Award-winning investigative journalist Hopewell Chin’ono has once again exposed the Zanu-PF regime to the world accusing its elites of looting US$100 million every month when Zimbabwe’s hospitals are struggling to save people’s lives.
Chin’ono, a fierce critic of the regime’s alleged corruption, human rights abuses, economic mismanagement and dictatorial behavior addressed the Geneva Summit for Human Rights and Democracy on Wednesday.
The bold journalist shared the podium with Nazanin Boniadi, a British actress and human rights activist, NBA player and activist Enes Kanter Freedom, North Korean two-time defector and torture survivor Timothy Cho and Robert Kyagulanyi Ssentamu, known by his stage name Bobi Wine, a Ugandan opposition politician, singer, and actor.
Chin’ono narrated his investigative journalism experience in Zimbabwe, articulating how it exposed corruption orchestrated by the regime in Harare.
“In 2019, I set up an organisation called ‘Save Our Hospitals’. This gave me a wide open window of opportunity to see the healthcare system up close and very personal.
“I learnt that all Zimbabwe’s six central hospitals only needed US$50 million to run efficiently without shortages. Yet doctors and nurses had no gloves and up to now they still don’t have gloves.
“There was and still there is no medication in our hospitals. I just tweeted yesterday that one of the big five hospitals could not even give a patient a paracetamol as of yesterday in my country.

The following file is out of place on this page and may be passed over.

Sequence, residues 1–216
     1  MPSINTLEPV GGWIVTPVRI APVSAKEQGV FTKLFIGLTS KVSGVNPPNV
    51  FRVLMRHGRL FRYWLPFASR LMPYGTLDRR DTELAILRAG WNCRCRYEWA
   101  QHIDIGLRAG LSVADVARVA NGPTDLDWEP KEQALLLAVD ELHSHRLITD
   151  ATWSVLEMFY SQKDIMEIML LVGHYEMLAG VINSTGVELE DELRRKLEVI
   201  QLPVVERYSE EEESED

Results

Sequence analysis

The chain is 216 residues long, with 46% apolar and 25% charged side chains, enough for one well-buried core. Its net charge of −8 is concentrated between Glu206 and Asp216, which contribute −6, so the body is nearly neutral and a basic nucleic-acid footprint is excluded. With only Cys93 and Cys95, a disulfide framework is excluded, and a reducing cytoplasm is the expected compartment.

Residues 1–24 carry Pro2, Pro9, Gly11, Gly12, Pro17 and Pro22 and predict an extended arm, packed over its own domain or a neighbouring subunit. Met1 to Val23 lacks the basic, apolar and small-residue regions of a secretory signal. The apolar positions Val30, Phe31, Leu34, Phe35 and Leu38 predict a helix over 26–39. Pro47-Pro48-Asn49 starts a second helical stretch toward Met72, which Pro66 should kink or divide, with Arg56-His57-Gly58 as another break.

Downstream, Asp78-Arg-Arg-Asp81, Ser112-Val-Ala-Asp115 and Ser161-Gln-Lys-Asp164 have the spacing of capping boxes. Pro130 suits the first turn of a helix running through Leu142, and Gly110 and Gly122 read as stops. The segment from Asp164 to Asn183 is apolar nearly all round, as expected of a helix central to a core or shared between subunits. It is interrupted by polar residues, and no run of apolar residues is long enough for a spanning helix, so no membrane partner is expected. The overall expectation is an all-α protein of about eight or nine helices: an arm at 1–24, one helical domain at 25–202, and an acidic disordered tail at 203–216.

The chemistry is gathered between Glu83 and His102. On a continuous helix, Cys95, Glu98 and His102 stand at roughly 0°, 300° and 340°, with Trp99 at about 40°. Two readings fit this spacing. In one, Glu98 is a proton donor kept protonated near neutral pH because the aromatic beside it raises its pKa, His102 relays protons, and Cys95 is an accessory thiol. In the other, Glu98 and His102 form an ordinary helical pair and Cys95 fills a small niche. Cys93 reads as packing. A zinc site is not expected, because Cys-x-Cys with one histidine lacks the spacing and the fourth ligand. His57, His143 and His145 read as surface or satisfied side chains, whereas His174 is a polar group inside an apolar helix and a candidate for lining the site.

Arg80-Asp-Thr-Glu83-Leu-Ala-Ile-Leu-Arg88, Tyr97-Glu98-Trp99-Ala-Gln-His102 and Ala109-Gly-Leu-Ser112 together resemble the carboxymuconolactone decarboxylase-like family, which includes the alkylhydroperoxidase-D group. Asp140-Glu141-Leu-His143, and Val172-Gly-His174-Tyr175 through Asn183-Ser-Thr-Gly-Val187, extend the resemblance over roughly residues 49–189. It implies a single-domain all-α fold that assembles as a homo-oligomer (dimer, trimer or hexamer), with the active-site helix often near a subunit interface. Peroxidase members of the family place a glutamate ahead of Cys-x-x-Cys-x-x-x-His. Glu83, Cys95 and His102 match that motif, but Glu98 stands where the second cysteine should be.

“The amount of money being looted in smuggled gold could run all central hospitals for two years without any shortages.”
He added: “The Zanu-PF political elites loot US$100 million every month. Our central hospitals require only US$50 million. So, what they are stealing in a month, can run the central hospital in two years.
“That is the absurdity of how corrupt the regime has become. When I started to use Twitter and Facebook to expose how the government had destroyed our healthcare system, which led to a local politician organising an anti-corruption march I became public enemy number one.
“The judicial officers themselves have become part of that capture, they don’t care about the evidence. They take instructions from the top. But I refuse to be silenced.
“In Zimbabwe arrest is a tool of perception used to silence journalists, critics and the opposition. We must hold the corrupt to account for their actions. Perhaps, with my little efforts I will leave Zimbabwe a better place than what it was when I came into it.”
Chin’ono was arrested three times in less than a year for tweeting. Once for dubious charges of inciting public violence. The arrest came a few days after he exposed that President Emmerson Mnangagwa’s wife Auxillia and son Collins had looted US$60 million in a dubious Covid-19 deal.
Secondly for contempt of court charges for allegedly claiming corruption within the country’s national prosecution agency.
He was arrested again “communicating falsehoods”, a charge which the High Court ruled non-existent.